Although traditionally the CISO reported to the Chief Information Officer (CIO), modern best business practices focus on shifting the reporting structure to the Chief Executive Officer. Your CISO should be established as a member of the c-suite to solidify the role’s importance within the organization.

Additionally, as CIOs often purchase and manage IT assets, a conflict of interest may arise between security and replacement costs. Establishing a segregation of duties between purchasing, deployment, and security better enables risk management within your organization. Therefore, the CISO and IT security functions need to work with the CIO and IT department while not being responsible to them.

When must the CISO report to the Board of Directors

Increasingly, regulations and standards incorporate corporate governance as part of your Board’s responsibilities. In alignment with many regulations and standards, the Institute of Internal Auditors (IIA), Information Systems Audit and Control Association (ISACA), National Association of Corporate Directors (NACD), and Internet Security Alliance (ISA) all focus on the importance of cybersecurity corporate governance.

Bringing the IT security function together with the Board of Directors better enables both parties to engage in the appropriate risk management strategies. Your CISO needs to communicate the internal, external, and vendor risks adequately to allow them to engage in the needed corporate governance. If your Board of Directors cannot adequately provide the required oversight, then they are not meeting their obligations and, in some cases such as the Sarbanes-Oxley Act of 2002, may incur monetary penalties or jail time.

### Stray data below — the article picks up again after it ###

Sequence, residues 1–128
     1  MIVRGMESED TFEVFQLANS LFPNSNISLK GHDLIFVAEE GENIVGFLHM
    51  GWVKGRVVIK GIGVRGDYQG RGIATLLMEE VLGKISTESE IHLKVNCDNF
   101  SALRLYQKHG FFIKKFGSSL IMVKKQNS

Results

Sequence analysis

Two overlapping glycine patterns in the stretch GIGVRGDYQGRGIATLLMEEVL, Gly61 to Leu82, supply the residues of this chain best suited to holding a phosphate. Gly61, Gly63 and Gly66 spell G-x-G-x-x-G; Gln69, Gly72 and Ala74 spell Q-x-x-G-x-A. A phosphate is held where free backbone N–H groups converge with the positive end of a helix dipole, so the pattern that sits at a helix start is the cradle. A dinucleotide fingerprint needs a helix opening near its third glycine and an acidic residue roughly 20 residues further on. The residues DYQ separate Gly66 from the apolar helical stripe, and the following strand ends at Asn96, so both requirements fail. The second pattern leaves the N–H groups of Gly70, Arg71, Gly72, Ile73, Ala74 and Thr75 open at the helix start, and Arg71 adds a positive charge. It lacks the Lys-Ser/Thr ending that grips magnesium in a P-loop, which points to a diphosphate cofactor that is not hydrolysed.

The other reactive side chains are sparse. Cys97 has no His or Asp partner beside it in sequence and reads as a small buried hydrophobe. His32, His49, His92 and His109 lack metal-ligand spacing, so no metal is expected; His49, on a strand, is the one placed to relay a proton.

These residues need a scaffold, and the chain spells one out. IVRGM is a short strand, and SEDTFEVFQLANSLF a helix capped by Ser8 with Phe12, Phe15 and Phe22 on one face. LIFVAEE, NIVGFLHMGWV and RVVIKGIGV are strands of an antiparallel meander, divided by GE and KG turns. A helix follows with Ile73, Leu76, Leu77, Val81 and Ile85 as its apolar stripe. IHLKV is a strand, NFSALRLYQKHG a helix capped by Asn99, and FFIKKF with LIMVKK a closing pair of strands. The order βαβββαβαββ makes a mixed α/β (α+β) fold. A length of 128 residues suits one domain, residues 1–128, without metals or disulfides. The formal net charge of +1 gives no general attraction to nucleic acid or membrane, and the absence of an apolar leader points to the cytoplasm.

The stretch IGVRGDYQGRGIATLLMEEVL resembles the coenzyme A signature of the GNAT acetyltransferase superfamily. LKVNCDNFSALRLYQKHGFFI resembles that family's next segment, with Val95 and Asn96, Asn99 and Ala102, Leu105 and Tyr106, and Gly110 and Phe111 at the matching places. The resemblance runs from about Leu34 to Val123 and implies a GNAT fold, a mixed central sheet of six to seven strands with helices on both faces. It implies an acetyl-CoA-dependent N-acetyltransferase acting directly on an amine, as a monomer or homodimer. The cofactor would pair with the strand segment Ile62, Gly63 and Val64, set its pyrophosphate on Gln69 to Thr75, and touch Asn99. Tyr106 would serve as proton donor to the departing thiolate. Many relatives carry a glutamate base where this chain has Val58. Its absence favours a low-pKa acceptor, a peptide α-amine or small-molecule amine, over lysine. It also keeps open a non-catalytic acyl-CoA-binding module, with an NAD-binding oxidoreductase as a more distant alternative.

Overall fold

How ZenGRC Enables CISO Risk Management Activities

Whether you’re just starting the risk management process or trying to strengthen your compliance, our easy-to-use content gives you guidelines for assessing risk and aligning to business objectives to help manage corporate risk.

Additionally, ZenGRC’s risk assessment tools allow you to incorporate vendor management into your business risk management process more rapidly. Our Payment Card Industry Data Security Standard (PCI DSS) aligned questionnaires, and task reminders enable faster risk documentation tracking.

With our role-based authorization capabilities, you can provide all employees access to the information they need to enact your risk based corporate strategies. Empowering employees with the required information allows them to maintain the corporate culture you set and reinforces the environment management defined.

A primary component required for establishing an ERM is Board oversight and informed review. However, your Board of Directors does not want overly detailed reports. Creating annual presentations is time-consuming. ZenGRC’s reporting tools provide easy-to-digest reports with graphics that clearly explain your risk profile. These reports give your Board the information they need while saving you creation time.

This ease of communication applies to work with your internal auditor as well. Auditors need documentation to prove that implementation matches policy. When they spend time on the administrative information gathering tasks, audits take longer and information may end up incomplete. ZenGRC provides a single source of truth by aggregating all records, reports, policies, procedures, and control listing in one place. Streamlining the audit process not only saves time and money but also leads to stronger audit outcomes.

To learn more about how ZenGRC can help your company establish an enterprise risk management program effectively aligned to business objectives, schedule a demo.